`re.match('a{3,5}?', 'aaaa').group(0)` # returns `'aaa'`
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    re.match will match both strings whether its greedy or not. This answer is misleading and serves to confuse IMO. A better idea would be to point out the difference between a{3,5}? and a{3,5} patterns against string 'aaaaaa'. – Shashank Apr 24 '15 at 16:08
  • i edited the answer, let me know if that's better – Julien Spronck Apr 24 '15 at 16:13
  • thanks. now corrected, and there was a second mistake that is also corrected – Julien Spronck Apr 24 '15 at 16:13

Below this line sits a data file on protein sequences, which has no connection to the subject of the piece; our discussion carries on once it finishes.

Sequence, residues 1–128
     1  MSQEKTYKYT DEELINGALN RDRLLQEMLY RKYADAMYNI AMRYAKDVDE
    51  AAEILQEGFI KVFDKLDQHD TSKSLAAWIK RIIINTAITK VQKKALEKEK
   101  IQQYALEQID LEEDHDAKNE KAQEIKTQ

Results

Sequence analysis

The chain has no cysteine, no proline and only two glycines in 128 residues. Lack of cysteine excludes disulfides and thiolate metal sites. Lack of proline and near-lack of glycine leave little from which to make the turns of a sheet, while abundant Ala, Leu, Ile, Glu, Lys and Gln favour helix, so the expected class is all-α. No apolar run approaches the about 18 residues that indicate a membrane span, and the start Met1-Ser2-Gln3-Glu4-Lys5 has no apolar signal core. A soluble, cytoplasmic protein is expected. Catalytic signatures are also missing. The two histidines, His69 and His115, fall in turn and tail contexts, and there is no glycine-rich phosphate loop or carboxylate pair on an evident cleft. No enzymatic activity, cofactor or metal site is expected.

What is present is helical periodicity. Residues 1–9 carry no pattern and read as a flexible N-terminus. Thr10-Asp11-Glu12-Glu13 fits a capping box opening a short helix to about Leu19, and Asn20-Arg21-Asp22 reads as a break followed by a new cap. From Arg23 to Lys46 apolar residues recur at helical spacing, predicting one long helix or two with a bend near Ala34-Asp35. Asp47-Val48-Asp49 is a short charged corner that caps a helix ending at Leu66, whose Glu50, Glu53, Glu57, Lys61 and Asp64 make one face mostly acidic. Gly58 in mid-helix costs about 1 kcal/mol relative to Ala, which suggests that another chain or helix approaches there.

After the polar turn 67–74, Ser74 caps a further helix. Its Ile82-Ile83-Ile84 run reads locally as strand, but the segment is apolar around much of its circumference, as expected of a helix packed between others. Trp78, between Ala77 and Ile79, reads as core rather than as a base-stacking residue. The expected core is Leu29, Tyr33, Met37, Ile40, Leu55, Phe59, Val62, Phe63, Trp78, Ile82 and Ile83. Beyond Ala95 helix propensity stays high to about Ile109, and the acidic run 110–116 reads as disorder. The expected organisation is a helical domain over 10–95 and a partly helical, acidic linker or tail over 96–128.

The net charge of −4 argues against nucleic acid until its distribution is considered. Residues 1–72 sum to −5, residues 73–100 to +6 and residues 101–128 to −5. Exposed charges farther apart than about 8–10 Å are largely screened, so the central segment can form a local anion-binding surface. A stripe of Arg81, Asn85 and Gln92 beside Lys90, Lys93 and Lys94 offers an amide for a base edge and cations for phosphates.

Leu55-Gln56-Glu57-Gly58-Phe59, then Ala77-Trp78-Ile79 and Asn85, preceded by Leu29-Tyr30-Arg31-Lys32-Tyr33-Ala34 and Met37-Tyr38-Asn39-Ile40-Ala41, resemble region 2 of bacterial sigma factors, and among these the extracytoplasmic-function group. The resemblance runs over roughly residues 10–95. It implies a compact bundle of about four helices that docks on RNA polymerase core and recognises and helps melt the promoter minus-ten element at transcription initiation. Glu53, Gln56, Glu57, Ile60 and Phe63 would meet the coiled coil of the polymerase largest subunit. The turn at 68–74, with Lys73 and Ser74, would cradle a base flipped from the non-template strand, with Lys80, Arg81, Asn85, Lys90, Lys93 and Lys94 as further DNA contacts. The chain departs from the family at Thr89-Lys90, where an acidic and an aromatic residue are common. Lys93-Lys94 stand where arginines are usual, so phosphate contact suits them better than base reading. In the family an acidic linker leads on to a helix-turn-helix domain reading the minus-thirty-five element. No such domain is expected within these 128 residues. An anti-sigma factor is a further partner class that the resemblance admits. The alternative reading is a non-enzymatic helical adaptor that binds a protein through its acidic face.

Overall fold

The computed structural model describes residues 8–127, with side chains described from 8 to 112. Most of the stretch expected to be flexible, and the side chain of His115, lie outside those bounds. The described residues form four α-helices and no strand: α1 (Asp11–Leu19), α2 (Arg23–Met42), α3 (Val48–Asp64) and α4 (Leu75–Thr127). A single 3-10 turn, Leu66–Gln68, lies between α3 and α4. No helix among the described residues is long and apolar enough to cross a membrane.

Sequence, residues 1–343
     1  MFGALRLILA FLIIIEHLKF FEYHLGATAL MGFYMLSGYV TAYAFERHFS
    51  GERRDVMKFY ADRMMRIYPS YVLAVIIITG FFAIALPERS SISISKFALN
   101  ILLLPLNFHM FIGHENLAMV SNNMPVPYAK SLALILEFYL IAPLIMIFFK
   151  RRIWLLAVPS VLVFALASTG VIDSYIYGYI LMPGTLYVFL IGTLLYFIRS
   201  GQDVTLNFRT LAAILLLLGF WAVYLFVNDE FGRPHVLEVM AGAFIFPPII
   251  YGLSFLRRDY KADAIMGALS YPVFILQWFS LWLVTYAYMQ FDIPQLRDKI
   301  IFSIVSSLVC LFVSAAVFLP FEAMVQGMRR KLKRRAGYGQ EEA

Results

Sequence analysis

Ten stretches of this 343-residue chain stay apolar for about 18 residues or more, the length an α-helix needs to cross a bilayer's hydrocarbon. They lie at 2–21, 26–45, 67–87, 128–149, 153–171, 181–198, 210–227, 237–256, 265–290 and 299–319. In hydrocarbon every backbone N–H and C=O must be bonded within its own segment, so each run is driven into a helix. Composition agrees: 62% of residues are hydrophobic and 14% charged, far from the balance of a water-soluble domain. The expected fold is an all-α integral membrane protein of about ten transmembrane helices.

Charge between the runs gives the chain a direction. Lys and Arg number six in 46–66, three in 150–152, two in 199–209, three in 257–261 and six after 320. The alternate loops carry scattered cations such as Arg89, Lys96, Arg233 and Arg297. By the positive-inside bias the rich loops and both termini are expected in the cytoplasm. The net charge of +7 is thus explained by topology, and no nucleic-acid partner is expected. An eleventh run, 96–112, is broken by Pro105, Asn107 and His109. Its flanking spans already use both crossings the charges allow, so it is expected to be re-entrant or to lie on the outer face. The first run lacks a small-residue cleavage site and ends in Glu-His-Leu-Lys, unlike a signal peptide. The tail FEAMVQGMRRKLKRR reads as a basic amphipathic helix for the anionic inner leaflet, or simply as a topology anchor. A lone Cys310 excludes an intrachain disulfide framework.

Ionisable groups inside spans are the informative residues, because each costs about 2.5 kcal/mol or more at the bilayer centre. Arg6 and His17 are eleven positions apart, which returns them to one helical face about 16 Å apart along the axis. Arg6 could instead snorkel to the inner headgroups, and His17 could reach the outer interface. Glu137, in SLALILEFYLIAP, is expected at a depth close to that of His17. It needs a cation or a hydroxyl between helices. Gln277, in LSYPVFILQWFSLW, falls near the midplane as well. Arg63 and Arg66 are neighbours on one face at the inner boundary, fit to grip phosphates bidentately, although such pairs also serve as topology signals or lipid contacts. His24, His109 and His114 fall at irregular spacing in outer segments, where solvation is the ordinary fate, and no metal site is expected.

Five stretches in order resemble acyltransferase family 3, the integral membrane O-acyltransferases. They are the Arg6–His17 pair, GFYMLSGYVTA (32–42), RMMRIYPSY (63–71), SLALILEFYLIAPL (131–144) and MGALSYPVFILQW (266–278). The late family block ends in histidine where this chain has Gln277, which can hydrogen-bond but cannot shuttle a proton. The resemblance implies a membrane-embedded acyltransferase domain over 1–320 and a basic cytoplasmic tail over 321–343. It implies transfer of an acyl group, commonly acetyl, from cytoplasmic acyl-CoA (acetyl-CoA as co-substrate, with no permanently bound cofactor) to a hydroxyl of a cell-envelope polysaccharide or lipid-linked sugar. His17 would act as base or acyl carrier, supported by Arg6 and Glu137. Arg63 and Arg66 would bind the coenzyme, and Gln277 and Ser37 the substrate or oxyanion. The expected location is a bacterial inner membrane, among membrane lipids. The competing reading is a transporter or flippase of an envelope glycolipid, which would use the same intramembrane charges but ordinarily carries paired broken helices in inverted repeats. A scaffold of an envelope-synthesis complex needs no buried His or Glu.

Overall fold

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    It still doesn't really show the difference between non-greedy and greedy. I suggest showing re.findall(r'a{3,5}?', 'a'*6) and re.findall(r'a{3,5}', 'a'*6) The first will find two matches, the second, only one. – Shashank Apr 24 '15 at 16:16
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    The OP is asking about the difference between {m} and {m,n}? – Padraic Cunningham Apr 24 '15 at 16:17

let say we have a string to be searched is: str ="aaaaa"

Now we have patter = a{3,5} The string which it matches are :{aaa,aaaa,aaaaa} But here we have string as "aaaaa" since we have only one option.

Now lets say we have pattern = a{3,5}? in this case it matches only "aaa" not "aaaaa".

Thus it takes the minimum items as possible,being non greedy.

please try using online regular Expression at :https://pythex.org/

It will be great help and we check immediately what it matches and what it does not